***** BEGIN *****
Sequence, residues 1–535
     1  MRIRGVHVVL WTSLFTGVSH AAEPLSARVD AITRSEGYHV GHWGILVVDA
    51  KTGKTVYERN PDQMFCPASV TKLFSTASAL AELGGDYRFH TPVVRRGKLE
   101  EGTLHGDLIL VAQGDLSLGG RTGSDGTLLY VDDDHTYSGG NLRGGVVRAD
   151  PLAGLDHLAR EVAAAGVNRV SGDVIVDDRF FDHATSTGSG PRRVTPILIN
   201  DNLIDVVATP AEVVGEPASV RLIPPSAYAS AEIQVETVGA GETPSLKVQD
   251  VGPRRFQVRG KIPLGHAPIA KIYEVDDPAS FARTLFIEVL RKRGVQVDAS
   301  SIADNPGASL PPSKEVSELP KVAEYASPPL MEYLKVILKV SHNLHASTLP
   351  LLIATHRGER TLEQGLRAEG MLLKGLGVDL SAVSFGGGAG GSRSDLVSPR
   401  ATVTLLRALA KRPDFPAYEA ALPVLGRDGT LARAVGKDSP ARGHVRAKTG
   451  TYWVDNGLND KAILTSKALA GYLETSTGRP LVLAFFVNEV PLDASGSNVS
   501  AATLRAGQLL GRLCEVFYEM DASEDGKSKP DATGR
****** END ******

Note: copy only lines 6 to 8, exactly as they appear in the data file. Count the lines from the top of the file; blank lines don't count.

   201  DNLIDVVATP AEVVGEPASV RLIPPSAYAS AEIQVETVGA GETPSLKVQD
   251  VGPRRFQVRG KIPLGHAPIA KIYEVDDPAS FARTLFIEVL RKRGVQVDAS
   301  SIADNPGASL PPSKEVSELP KVAEYASPPL MEYLKVILKV SHNLHASTLP